After having won a hat-trick of titles as a player for the Crusaders between 1998 and 2000, the breakdancing phenomenon that is Scott Robertson has come back and repeated that feat with another hat-trick of titles for his beloved franchise, this time as a head coach.
It means that he not only becomes the first coach in Super Rugby history to win a hat-trick of titles, but he also becomes the first person ever to win back-to-back-to-back crowns as both a player and coach.
His unorthodox coaching philosophy, which implements a heavy emphasis of having fun while achieving success, has clearly worked a treat on his playing squad, and he should be the frontrunner for the soon-to-be vacant All Blacks head coach job at the end of the year.
TV: Scott Robertson (Crusaders)
How can you go past the man who has now led the Crusaders to three successive titles?
The Crusaders may have been cruising at times throughout the season, but they put the performances on the park when necessary.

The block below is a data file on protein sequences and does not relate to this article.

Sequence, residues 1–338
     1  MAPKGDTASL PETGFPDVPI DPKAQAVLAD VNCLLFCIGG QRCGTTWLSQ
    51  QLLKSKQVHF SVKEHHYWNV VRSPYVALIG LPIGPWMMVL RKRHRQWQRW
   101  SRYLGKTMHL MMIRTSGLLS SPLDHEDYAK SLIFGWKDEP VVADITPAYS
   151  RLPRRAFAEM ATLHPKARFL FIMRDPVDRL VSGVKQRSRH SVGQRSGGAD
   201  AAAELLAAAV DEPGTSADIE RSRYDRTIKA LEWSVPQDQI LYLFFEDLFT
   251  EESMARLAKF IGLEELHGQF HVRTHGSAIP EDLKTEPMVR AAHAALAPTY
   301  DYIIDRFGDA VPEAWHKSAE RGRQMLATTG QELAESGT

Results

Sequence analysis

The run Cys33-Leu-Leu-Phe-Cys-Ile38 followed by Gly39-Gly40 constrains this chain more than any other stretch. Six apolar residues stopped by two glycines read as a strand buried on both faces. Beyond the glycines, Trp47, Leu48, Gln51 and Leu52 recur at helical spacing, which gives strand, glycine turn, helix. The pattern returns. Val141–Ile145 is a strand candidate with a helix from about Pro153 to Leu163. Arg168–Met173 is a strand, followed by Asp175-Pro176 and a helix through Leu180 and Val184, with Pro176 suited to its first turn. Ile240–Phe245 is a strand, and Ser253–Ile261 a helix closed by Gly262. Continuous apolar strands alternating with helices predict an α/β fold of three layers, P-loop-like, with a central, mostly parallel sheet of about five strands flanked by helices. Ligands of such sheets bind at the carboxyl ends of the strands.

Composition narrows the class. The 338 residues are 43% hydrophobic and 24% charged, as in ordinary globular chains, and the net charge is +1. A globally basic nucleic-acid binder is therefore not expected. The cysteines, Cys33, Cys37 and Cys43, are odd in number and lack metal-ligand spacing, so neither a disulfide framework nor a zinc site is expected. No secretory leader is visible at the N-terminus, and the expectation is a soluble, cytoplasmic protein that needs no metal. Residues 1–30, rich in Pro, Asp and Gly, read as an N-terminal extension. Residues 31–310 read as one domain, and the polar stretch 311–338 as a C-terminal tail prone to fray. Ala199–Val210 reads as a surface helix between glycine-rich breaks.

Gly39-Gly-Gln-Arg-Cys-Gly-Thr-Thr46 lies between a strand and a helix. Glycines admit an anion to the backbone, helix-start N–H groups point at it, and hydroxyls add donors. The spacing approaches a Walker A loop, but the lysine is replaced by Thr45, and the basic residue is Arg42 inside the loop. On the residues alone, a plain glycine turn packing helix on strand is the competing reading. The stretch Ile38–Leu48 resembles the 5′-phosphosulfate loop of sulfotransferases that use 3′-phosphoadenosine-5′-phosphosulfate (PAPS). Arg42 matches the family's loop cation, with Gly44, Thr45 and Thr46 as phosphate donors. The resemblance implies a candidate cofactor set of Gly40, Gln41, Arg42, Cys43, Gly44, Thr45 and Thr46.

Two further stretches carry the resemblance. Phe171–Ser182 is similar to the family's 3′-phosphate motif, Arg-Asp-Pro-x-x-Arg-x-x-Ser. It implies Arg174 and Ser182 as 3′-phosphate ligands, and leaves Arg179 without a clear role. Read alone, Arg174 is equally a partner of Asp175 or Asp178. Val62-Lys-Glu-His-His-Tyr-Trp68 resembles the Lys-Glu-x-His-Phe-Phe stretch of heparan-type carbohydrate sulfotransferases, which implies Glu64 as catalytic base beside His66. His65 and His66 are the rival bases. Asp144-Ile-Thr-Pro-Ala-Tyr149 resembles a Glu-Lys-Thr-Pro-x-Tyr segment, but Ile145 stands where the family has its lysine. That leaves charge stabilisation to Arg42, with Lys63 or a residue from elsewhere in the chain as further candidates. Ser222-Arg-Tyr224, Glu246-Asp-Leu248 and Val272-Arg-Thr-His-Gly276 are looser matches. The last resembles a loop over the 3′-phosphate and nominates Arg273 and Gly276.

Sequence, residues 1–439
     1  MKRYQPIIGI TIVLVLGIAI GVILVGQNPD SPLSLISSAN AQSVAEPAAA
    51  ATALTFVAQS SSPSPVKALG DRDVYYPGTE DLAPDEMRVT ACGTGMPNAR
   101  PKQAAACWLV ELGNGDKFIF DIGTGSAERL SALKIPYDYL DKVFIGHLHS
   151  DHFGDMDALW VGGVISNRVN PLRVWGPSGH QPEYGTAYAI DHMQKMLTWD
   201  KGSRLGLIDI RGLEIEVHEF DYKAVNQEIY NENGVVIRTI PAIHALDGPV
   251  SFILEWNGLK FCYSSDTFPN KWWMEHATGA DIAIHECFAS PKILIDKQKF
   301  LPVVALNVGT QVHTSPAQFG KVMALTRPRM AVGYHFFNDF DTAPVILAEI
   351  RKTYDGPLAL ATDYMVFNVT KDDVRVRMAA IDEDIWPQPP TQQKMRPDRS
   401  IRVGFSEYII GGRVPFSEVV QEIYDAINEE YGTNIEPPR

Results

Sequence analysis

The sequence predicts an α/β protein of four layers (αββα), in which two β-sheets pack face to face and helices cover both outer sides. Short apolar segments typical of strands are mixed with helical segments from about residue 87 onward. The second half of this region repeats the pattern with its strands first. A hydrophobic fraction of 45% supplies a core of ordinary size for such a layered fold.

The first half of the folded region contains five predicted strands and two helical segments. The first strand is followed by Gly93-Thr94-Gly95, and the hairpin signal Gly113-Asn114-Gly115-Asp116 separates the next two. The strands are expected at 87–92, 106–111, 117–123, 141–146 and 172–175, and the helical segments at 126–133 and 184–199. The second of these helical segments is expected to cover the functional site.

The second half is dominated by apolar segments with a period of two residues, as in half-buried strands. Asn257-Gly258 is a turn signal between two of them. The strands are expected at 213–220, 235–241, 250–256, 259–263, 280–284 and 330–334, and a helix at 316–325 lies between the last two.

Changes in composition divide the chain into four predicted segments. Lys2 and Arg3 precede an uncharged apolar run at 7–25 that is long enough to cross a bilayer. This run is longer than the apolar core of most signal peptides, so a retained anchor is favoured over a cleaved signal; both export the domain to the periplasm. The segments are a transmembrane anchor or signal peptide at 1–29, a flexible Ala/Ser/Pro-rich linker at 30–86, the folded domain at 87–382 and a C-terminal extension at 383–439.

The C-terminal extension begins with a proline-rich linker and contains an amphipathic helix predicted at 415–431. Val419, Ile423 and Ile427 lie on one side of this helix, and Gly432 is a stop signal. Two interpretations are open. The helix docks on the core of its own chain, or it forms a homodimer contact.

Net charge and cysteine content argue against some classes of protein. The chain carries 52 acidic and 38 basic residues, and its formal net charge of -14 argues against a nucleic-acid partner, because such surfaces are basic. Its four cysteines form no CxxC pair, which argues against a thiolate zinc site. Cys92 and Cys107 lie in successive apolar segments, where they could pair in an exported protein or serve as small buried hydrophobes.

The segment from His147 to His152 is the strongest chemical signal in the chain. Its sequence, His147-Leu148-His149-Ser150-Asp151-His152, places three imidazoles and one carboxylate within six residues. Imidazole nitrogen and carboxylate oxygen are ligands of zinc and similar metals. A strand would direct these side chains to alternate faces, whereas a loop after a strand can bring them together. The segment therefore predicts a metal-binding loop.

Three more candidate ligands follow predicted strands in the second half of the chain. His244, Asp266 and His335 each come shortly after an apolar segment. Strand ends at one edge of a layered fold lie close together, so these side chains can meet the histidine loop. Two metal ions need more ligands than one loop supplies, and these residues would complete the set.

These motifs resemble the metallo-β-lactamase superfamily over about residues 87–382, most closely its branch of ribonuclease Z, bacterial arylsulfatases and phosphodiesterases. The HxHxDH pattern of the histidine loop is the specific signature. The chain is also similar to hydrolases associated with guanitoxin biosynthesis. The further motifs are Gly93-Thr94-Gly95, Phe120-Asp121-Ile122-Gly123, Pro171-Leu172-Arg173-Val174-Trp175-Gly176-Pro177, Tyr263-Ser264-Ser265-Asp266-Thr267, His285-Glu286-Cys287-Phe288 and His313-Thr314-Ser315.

It’s not like Robertson has just maintained the status quo in his time with the Canterbury side, either. This year he’s further incorporated the likes of Andrew Makalio, Mitch Dunshea, Ethan Blackadder, Braydon Ennor, Sevu Reece and Will Jordan.
MR: Gonzalo Quesada (Jaguares)
The Jaguares have adapted to Super Rugby quickly and the way they went about the second half of their season was testament to the maturity in the squad and the leadership and strategy employed by Quesada.
Their tour to New Zealand was a watershed moment and that launched them into having the belief they could outsmart, outplay and beat the Chiefs and Brumbies.
The sight of Quesada on his lonesome in the coaching box is intense and sometimes melodramatic- he might be cursing in Spanish but we can understand him perfectly!
NT: Scott Robertson (Crusaders)
I think this one explains itself. What a coach, what a bloke!